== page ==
Let's go to the GRAPHS!  Each slide has has its own narration so I will let them speak for themselves.  If you see any errors or omissions please let me know. 

I hope this helps you understand changes in costs and prices in a Perfectly Competitive Market.

Tuesday, February 18, 2014

Jane Goodall releases a chimp into the wild. Your awwwwwweee moment of the week.

If this does not get to you then you are not human! :)

If you cannot watch the whole thing, start at 2:30.  Your awwwweee moment of the day. Your welcome. (HT: Sowing Agriculture Seeds)

Sunday, February 16, 2014

In 2012 China bought as many new cars as the US, Germany and Japan COMBINED. Surprised?

Quite astounding.  Since 2005 the sale of passenger cars (excludes SUVs'/Trucks) in the US, Germany and Japan have been level and/or declining.  Look at China starting in 2008.

In 2012 China bought as many new cars as the US, Germany and Japan COMBINED (my eyeball estimate).

They need gasoline, spare parts, tires, etc. The center of economic gravity is moving East, my friends.

Statistic: Sales of passenger cars in selected countries worldwide from 2005 to 2012 (in million units) | Statista
Find more statistics at Statista

Food coupon redemption before and after the recession. Buy 1 recession get 1 recovery free...

Sign of the times...

As of 2012 the dollar amount of food coupons redeemed returned to pre-recession levels. At the height of the recession $500 to $600 million dollars more were redeemed.

The use of coupons by stores and manufacturers is an example of 3rd Degree Price Discrimination by producers that have some pricing power.  It is a way to capture "Consumer Surplus" by segmenting consumers based on their willingness to pay. Some people (like me) dislike using coupons so I end up paying more for a particular good than someone who is willing to take the time to cut-out, save, and bring to the store the coupons.  The store captures a sale from the coupon-er that they might not have received before.

I suppose I subsidize people that do the coupon thing....Your welcome...

Well, anyway, seems like in terms of the use of coupons we are back to normal. Wonder what this says about the economy.  Any suggestions?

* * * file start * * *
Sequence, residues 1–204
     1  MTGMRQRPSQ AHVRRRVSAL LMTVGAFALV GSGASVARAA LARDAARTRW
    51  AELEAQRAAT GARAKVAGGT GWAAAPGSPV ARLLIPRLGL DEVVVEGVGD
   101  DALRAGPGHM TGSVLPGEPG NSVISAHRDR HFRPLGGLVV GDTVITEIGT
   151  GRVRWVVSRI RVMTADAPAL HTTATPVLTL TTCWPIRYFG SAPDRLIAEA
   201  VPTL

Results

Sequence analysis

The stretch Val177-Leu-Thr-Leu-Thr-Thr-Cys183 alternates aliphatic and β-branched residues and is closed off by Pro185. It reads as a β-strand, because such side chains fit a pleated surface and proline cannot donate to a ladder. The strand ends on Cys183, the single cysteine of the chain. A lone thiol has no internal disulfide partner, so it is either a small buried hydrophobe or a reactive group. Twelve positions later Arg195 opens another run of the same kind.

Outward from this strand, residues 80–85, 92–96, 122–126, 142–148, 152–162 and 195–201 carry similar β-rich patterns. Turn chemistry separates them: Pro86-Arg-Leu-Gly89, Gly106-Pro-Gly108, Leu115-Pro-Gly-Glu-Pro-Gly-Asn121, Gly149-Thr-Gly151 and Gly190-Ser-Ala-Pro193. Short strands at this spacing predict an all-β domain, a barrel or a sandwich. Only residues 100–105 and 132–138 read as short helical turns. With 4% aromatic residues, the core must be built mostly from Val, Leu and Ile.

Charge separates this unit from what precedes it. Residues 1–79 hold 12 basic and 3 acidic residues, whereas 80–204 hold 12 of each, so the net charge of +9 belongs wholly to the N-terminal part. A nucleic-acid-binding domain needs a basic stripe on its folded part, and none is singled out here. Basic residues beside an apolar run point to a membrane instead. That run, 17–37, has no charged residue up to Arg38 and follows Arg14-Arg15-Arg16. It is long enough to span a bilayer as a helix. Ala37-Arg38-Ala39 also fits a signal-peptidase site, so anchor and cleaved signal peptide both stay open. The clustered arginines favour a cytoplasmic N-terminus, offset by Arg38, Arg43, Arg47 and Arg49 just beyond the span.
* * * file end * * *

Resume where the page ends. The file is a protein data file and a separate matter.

Statistic: Total number of redeemed food grocery coupons in the United States from 2007 to 2012 (in billions)* | Statista
Find more statistics at Statista

I can't even go to the movies and not observe an economics issue---See the picture I took in the parking lot today. Merica'...

I parked next to this car when we went to the movies today.

Noticed the bumper sticker that suggested buying this car, a Chevy Malibu, shows support for US auto manufacturing at the expense of a foreign auto producer. True enough.  Was this car assembled in the US with US labor?  Yes, it was produced in Kansas at a GM plant.  However....

If you are looking at a car in its entirety in terms of labor and PARTS, then perhaps a better choice could have been made. does an annual survey of vehicles to determine the TOTAL US supplied labor and parts that went to producing it.

Here is the latest one from 2013.  Each of these vehicles has at least 75% US sourced labor and parts.

If the owner of the above car wanted to buy a comparable car that was MORE Made in the USA than his Chevy he would do better to buy a Toyota Camry.

I bought American---I own a Camry myself.  :)

Federal Government Spending in two must see charts/graphs. It has increased BUT it depends on what the definition of "spending" is. It ain't as easy as it sounds...

Nice, concise visuals of the metamorphisis that the Federal government has undergone in the past 40 years (from a report from the Cato Institute)

This first graph shows, in trillions of dollars, federal spending from 2000 to 2013 in the 5 categories spending can be categorized (see the box for descriptions).

Transfer payments are simply moving money from one entity (taxpayers) to a second entity (government) to a third entity (recipients of entitlements).  The major entitlement programs are Social Security, Medicare, Medicaid.  Interest on the national debt is another big transfer payment (about $290 billion last year).

You can see that at about $2 Trillion transfer payments are the majority of the Federal Budget and subject to the most growth since 2000.

The data below puts the growth of Federal government spending since 1970 in the context of national in come, or GDP.  Notice that transfer payments have almost doubled!  The other categories are relatively stagnant.

Conclusion:  The Federal Government has become a check writer---moving money from one place to another.  "Doing things" has moved down the list of things the Federal government might accomplish.

Some say that is a good thing. Some say it is a bad thing.  Either way, it is a thing.  I report, you decide.
Source: Cato Institute